Monday, July 12, 2010

Arkansans visit French "Wal-Mart" in China

I’ve been working on a blog post for the past hour or so.  I hit post and something crazy happened.  So, just in case I lost it all, I’m going to try to recreate it again.  HOW FRUSTRATING, but worth it!

The last few days have been such a blur!  I hope a don’t forget details that I will one day want to remember.

Friday evening we flew from Nanning to Guangzhou.  This was Jingshu’s first airplane ride ever.  We wondered if she’d be frightened, or at least apprehensive.  NO.  We had a hard time keeping her close as she wanted to run onto the plane.  The only thing she didn’t like was having to wear a seatbelt.  The most memorable part was when we had a bit of a rough landing, she grabbed the armrests and LAUGHED!  Darrell told his brother that she eats fear for breakfast!  Ha!

We arrived in Guangzhou late and at 11 pm still had not had dinner so we took our family of six down to the cafe in the hotel (the famous White Swan--more about it later).  Three of us ordered “mini meals.”  850 yuan (~$126!!!) later, we knew we had to make a different plan for the next eight days in this hotel! 

We decided that we would go to the breakfast buffet (included with our room rate and definitely not your typical American breakfast buffet because it includes fried noodles, dumplings [McKenna’s favorite], steamed vegetables, cold cuts and cheeses, and salad plus scrambled eggs, made-to-order omelets, bacon, ham, what they call sausage [we call hotdogs], fresh fruit, yoghurt, cereals, pastries, etc.) late in the morning and then eat a late lunch OUT of the hotel and a light dinner in the room, or visa versa.

That’s how we learned about Carrefour.  Saturday morning, after taking Jingshu for her medical exam and TB skin test, we took taxis--it takes two because each only holds three or four people--downtown.  Carrefour is a “hypermarket” according to their website, but it was almost exactly like the Wal-Mart we visited in Nanning.  It is several stories high, except this one goes down into the ground and has almost EVERYTHING.  We even found peanut butter and jelly!  They didn’t have deli meat, like ham and turkey, but they did have more fresh whole (head and feet attached) chickens sitting on ice in the open air than I could count.  And have you ever seen a black-skinned chicken, except on Discovery Channel?  I hadn’t until now.  There was also a large container of live somethings that looked like fat eel to me, but someone said they were catfish.  Let’s just say they didn’t look like any catfish I’d ever seen!  We didn’t buy any of those, but we did buy bread, pb, jelly, chips, fruit, yoghurt, cookies, milk-in-a-box, cereal, juice, bottled water, coke, sprite, a block of cheddar cheese, these weird jello-in-a-pouch-with-chunks things that Jingshu likes, and noodle meals.  Think Ramen on steroids.  They are larger and come in a container with dried vegetables and seasonings so you just have to add boiling water.  Our rooms have a small refrigerator and a hot pot for boiling water.  No microwave.  We left there having only spent 365 yuan (~$54) with enough for several meals and snacks.  MUCH better plan!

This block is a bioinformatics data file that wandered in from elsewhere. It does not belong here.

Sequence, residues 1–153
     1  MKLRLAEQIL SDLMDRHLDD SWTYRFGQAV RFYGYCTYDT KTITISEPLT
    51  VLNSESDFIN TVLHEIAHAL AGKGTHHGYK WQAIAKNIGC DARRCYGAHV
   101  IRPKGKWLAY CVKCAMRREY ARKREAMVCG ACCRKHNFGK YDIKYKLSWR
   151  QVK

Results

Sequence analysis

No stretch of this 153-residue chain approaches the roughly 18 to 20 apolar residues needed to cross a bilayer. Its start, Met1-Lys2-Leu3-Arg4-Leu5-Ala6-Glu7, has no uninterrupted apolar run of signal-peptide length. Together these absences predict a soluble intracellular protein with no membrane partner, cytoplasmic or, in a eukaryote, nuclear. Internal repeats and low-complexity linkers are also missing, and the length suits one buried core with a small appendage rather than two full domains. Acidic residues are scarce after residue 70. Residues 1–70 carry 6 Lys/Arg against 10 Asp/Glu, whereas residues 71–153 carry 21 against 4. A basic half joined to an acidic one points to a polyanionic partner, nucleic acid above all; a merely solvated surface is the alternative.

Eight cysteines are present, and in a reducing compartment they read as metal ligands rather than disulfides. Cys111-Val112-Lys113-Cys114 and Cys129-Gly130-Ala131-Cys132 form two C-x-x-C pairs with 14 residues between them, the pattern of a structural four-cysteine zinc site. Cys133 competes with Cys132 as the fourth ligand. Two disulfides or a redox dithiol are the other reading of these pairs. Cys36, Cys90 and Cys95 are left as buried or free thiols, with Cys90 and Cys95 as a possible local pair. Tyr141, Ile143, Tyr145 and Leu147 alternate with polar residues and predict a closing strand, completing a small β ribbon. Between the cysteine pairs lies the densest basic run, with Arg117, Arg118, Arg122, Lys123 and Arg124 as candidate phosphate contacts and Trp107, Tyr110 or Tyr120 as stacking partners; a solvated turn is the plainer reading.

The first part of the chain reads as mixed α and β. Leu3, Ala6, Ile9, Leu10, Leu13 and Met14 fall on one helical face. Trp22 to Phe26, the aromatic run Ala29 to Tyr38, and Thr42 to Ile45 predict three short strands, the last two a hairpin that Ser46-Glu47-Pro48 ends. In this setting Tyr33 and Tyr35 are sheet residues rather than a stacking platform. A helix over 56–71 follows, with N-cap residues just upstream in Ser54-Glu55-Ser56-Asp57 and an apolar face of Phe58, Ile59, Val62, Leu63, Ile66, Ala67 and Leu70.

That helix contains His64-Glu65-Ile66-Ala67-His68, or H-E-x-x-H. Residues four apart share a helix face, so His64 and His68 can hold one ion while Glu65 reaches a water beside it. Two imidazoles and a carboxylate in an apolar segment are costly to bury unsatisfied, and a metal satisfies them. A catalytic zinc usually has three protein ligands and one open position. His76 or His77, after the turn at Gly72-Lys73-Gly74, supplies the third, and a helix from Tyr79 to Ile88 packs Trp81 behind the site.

Sunday we went to the Toy Wholesale Center with the Humphries, Howard and Kim and their three China girls (we wrote about them earlier).  This place is HUGE and has EVERYTHING, except food!  Two towers with six stories each, plus one underground.  People from around the world come here to “go to market” and it made me think of Tracee Harrison, who goes to market for their Cornerstone Pharmacy.  We met a lady from Ghana who comes several times a year.  Darrell, the boys, and Jingshu shopped for a bit before heading back to the hotel.  McKenna and I stayed with the Humphries, and even a bit longer, after they decided to leave.  We were there for about four hours and only saw the first two floors of one tower!  The biggest adventure of the day came when we spent ONE HOUR trying to get a taxi to bring us back to the White Swan.  I won’t soon forget McKenna and I going from one corner of this HUGE intersection, to the other, to the other, and some spots in between, trying to hail a taxi.  I held the stroller and our bags while she would run from taxi to taxi seeing if they were empty and if they were, if they would take us to our hotel.  (That's how it is done here.) A few did not want to drive that far because they can make more money on more frequent, shorter trips.  The lady from Ghana told us this is normal at that time of day.  I was so thankful for her!  She spoke English and gave me hope that we’d eventually make it.  And, we did!  I LOVE my non-drama-queen girl who made that time a fun memory instead of a crisis!